China: PMI manufacturing inches down in April
The manufacturing purchasing managers’ index (PMI) published by the National Bureau of Statistics (NBS) and the China Federation of Logistics and Purchasing (CFLP) declined from 50.5% in March to 50.1% in April. Moreover, the print undershot the 50.5% expected by market analysts. Despite the decrease, the index remained above the 50.0% threshold that separates expansion from contraction in the manufacturing sector.
April’s reading reflected a broad-based deterioration as all sub-categories of the index lost ground compared to March. April’s drop was mainly driven by sharp declines in output and inventories, while the remaining components logged smaller decreases. Despite increasing slightly in April, export orders were below the 50%-mark for the 11th consecutive month, highlighting the fragility of global demand. Input prices—a reliable leading indicator for inflation—remained in positive territory in April on stronger domestic activity and higher commodity prices.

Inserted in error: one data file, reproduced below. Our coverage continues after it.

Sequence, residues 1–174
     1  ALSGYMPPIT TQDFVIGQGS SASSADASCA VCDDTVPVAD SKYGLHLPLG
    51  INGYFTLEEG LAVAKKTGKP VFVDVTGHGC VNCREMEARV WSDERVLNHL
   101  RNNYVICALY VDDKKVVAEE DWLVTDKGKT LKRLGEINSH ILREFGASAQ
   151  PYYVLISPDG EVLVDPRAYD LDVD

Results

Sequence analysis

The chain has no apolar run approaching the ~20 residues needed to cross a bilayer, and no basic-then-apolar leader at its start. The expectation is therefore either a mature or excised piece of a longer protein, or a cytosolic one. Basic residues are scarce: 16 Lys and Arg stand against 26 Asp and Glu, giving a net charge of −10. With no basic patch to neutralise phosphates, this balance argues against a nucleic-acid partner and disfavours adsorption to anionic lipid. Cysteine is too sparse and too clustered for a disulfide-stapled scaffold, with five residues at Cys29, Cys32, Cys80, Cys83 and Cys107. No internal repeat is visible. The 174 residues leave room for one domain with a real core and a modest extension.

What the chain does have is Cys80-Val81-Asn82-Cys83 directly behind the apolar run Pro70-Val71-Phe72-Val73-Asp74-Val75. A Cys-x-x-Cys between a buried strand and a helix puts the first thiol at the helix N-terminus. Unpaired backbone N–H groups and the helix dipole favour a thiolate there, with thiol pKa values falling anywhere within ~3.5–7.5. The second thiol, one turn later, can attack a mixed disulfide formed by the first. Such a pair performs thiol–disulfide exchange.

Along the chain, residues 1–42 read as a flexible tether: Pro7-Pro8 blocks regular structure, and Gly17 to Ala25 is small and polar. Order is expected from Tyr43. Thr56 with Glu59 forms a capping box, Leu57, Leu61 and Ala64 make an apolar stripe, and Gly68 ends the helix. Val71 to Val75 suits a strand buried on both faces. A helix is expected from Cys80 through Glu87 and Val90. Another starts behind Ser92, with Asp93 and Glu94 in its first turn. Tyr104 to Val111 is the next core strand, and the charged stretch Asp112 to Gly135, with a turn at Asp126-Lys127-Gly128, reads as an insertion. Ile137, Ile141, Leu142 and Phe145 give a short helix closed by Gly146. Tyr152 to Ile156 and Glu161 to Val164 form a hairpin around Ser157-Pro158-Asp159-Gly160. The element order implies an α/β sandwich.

Ting Lu, Wendy Chen and Lisheng Wang, analysts at Nomura, warn that:
“The surprisingly big rebound in March activity data is unsustainable, growth has yet to truly bottom out, and the actual slowdown since mid-2018 could be significantly worse than what official statistics have indicated. The dash of stimulus played a key role in pushing up the data in March, which is the first month following the Lunar New Year (LNY) holiday, but the rapid improvement in March data was also a result of some temporary special distortions: 1) the moving LNY holidays; 2) the front-loading as a result of the VAT cut that was announced on 15 March to take effect on 1 April; and 3) the anti-smog campaign from November 2017 to March 2018.”